Jockey in legal battle over Esperance race fall with insurers.

A former WA jockey is locked in a legal battle with insurers over a catastrophic race fall in Esperance five years ago which ended his career.

Kalgoorlie man Russell Hanson was thrown from his horse, Get off the Couch, on Boxing Day 2012, after another rider allowed her horse to ride across his.

Russell Hanson at the Kalgoorlie-Boulder Racing Club. Photo: Supplied

The other jockey later pleaded guilty to careless riding at a Steward's Inquiry.

Mr Hanson suffered a range of serious injuries in the fall including fractures, torn muscles and ligaments in his left ankle, nerve damage in his neck and two fractured ribs.

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He's also suffered from depression since the incident.

Mr Hanson has filed a writ in the WA District Court, claiming personal injuries, loss and damages suffered as a result of the fall.

But the 50-year-old is facing an uphill battle because insurers for the guilty rider are denying he has a claim.

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Mr Hanson's legal team says the claim is being rejected on the basis he was participating in a high-risk activity, terming it a "dangerous recreational activity".

"I was four lengths wide and then the other horse came right across mine and clipped its front legs out," Mr Hanson said of the 2012 incident.

"I remember the doctor turning around and telling me I would never ever ride again, which was a big shock to me.

"I've ridden for 30 years since I left school...but I haven't been able to ride since the accident. It was my livelihood."

Mr Hanson has sought the assistance of Slater and Gordon lawyers to help with his claim.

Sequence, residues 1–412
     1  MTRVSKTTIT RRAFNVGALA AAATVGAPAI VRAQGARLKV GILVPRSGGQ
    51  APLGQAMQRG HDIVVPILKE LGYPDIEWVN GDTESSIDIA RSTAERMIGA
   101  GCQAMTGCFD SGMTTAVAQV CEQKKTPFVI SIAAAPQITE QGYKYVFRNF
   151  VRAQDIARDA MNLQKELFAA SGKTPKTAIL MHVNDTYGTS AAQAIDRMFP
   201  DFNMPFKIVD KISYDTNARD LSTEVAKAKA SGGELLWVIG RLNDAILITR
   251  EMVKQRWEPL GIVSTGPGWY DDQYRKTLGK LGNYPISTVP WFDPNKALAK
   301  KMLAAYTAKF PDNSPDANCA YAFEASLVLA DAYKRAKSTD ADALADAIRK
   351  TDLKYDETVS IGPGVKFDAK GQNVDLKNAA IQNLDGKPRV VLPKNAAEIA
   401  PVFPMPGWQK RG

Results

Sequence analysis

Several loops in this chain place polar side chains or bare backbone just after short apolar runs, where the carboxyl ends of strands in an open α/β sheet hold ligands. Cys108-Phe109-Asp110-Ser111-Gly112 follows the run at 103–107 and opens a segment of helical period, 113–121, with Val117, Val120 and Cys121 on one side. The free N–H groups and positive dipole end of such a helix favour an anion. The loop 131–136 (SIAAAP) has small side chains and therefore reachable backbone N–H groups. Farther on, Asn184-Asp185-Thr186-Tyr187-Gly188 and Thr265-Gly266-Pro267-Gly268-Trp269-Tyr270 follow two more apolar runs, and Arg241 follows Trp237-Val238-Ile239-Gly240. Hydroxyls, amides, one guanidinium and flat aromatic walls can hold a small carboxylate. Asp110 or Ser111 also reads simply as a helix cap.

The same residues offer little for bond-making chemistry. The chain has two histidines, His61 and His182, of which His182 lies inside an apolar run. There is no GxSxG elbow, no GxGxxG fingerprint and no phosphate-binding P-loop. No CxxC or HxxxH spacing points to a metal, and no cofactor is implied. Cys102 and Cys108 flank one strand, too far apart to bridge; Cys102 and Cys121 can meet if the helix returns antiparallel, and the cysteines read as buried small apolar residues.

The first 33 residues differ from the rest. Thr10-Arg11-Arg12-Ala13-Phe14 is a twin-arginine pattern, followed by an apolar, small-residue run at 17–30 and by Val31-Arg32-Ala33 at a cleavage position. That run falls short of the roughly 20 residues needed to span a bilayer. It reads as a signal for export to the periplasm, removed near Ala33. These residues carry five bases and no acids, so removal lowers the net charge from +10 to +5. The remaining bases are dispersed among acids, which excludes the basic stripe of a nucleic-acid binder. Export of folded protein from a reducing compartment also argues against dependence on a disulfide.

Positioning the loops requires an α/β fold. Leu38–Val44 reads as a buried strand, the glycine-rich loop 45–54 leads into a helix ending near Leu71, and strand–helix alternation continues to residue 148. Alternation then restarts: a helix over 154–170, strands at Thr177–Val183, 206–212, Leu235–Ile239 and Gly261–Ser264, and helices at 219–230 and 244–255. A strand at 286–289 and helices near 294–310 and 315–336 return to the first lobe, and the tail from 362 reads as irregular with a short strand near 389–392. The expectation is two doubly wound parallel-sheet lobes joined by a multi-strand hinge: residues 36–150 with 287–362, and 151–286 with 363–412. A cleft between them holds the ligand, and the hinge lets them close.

Mr Hanson lost his livelihood after the catastrophic fall. Photo: Kalgoorlie-Boulder Racing Club.

Mr Hanson lost his livelihood after the catastrophic fall. Photo: Kalgoorlie-Boulder Racing Club.

"I'm still on medication; it's costing me money all the time," he added.

"I'm still not mended 100 per cent.

"I reckon I've been wrongly dealt with so far."

Lawyer Kenneth Rukunga said Mr Hanson's long list of injuries would plague him for the rest of his life.

"When he came to see us, he was in a world of hurt," Mr Rukunga said.

"He was very psychologically disturbed by the inability to get on a horse, as he had been trained to do.

"It is simply unjust for an insurer to deny him justice for an incident that occurred in the course of his work. Mr Hanson was not engaging in a recreational activity, he was participating in a professional event.

"I am concerned we will start seeing a trend where insurers and their legal representatives will dispute a lot of professional men's and women's sporting injuries terming them as accepting the risk of participating in a dangerous recreational activity."

Lawyers representing the other rider and her insurers said on Tuesday they could not discuss the case.